Welcome to the Neighborhood?

It’s no secret that it’s taken a while for us to get our doors open. “A while” might be an understatement. In fact, we’re probably starting to look like the store that cried “opening!”. Last week we were certain Saturday the 23rd was our big day. My ever so patient and eager staff cleared out their schedules, tied up their laces, and moved and unloaded more boxes than I have in the 8 times I’ve moved in my adult life. As a manager/athlete/living being, you can’t help but geek out at the power of human forces coming together to make something big happen. Early mornings, late evenings, cut up knuckles and bruised shins – I looked up at some point mid-week and just thought “I’m so pumped to get these doors open, because I have one awesomely dedicated team.”

If you’ve ever been a part of opening a store, whether it’s your own or just one you just happen to work for, then I’m certain you know the physical and emotional stress it entails. If you haven’t, then try to understand that it’s like moving into a new home and needing to get settled in as quickly as possible – only your paycheck depends upon it.

This is by no means a ploy to cue the violins. Sharing this experience, I simply intended to humanize the proverbial big bad wolf that just moved into town. We’re just a bunch of runners and athletes looking to make a living doing what we love – and it is with good fortune that we are able to do so with a fairly sizable corporate backing. For most of us (staff) that simply means: affordable health care, 401K options, paid time off, and bit more economic mobility. It has become apparent, however, that for the rest of us (consumers) – it means something different. It means “big business”. It means greed. It means a lack of humanity. It might even mean putting others out of business.

Stereotypes. They’re pretty powerful, huh?

So powerful that reading the recent article posted about us on hobken411 actually made me anxious. Apparently, “ignorant “runners” and “joggers” seem to be sold by the strong branding & marketing presence [we] have, and have become loyal customers hook, line and sinker (it’s that pseudo über-athlete mentality that clouds all sensible judgment).” I’ll spare you an academic dissection of the article’s (mis)information – you can read it for yourself. I will, however, defend my store, my employees, and our customers (I can’t recall any that would self-identify with “ignorant”, and who says “jogger” other than Ron Burgundy??).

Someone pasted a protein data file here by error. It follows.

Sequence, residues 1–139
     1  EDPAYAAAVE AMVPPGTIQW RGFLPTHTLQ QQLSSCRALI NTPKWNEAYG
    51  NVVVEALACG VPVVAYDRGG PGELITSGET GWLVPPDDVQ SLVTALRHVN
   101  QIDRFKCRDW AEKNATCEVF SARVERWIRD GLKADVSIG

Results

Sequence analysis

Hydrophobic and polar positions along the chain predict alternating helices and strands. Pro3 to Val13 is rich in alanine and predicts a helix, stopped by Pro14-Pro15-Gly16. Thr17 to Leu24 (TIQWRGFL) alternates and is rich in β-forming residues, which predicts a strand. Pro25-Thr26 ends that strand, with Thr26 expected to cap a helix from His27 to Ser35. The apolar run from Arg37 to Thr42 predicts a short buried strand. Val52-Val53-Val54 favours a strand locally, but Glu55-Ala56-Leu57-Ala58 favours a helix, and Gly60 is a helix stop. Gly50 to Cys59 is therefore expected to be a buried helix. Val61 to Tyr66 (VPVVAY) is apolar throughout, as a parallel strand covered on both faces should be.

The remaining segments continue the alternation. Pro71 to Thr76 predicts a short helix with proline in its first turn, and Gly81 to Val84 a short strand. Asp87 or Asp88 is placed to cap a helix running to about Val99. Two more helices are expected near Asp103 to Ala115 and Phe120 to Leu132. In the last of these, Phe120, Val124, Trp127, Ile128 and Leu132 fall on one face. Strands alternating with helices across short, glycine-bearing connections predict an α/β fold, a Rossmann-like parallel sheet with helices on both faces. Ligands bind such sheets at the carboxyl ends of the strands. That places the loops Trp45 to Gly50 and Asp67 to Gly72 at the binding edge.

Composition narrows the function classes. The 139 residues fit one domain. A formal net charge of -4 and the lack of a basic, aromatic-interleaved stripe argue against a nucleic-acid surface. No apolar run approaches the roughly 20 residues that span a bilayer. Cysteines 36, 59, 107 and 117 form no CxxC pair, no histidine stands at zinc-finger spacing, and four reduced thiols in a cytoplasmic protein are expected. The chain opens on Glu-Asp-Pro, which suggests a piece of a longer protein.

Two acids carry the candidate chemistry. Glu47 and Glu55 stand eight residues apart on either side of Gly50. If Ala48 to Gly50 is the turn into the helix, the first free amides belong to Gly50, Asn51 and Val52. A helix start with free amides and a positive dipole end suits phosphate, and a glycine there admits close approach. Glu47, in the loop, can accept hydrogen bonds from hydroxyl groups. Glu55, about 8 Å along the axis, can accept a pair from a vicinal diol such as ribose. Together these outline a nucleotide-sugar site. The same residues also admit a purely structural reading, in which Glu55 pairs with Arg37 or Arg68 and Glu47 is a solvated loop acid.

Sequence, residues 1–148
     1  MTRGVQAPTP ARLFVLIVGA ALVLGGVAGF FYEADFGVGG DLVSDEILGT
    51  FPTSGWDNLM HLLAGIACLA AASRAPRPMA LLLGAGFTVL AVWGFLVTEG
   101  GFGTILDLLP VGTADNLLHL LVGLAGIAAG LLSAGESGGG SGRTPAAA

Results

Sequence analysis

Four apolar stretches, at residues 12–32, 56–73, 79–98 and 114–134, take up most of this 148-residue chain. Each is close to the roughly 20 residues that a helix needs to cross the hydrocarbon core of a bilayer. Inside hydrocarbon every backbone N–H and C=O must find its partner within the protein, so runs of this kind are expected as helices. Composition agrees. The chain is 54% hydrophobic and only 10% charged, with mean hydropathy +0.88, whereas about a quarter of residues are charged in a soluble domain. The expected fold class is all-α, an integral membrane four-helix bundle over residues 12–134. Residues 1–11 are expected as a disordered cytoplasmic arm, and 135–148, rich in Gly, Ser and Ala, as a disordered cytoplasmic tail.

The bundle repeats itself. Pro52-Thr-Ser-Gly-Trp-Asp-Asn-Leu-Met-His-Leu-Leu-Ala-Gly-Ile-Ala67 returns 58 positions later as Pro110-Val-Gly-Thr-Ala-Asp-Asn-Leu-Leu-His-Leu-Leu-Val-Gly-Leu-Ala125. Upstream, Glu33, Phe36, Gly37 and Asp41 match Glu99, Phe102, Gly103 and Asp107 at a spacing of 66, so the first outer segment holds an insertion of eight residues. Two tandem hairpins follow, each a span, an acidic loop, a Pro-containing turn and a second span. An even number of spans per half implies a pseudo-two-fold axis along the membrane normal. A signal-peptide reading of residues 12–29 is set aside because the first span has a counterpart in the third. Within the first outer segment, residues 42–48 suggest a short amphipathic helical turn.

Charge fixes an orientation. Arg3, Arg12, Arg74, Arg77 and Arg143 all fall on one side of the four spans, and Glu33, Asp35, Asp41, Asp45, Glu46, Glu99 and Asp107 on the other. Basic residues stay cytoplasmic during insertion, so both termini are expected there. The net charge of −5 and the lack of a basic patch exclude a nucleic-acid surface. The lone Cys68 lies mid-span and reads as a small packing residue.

Competition makes the world go ’round. It’s what forces us to be better. To be our best. To learn more, grow more, and set big goals. We are wholly aware that Fleet Feet-Hoboken is merely blocks away – most of our employees, including myself, have shopped there. They’re incredibly kind and passionate people with loyal fans, and have clearly worked hard over the years to build their franchise and truly make it their own. I look forward to having this constant reminder to be the best we can be – for how is anyone to be the best without a point of comparison?

And speaking of comparisons:

A quick history: The Running Company Stores (now known as Run Specialty Group) were only recently sold to Finishline – prior to that, we were just a small private chain that was New Jersey owned and operated, with a few stores outside of the NY/NJ area. In March 2012, we experienced a back-end management change after Finishline partnered with Gart Companies. While there is no question that we are expanding at a rapid rate – there should also be no question that we are functioning just as we always have. We offer the same quality of services, have maintained nearly all of our original staff, and are proud to have kept a devoted customer base.

Similarities abound, and it is interesting to read in a recent article from Running Insight that: “Eighteen months ago Fleet Feet underwent a management buyout in conjunction with Investors Management Corp. Since then, it has opened its 100th store and embarked on a campaign to get existing stores to convert to Fleet Feet by offering back-end support that is attractive to entrepreneurs who love product and marketing but are occasionally baffled by numbers. Fleet Feet could double its numbers in the next five years…”

I think it’s safe to say there is a lot to learn about both stores.

Right now, we’re just looking forward to getting those doors open and finding our place in the community.


Jessie LaPointe (Hoboken Store Manager, formerly of The Westfield Running Company)

Leave a reply


  1. Brian Lovato says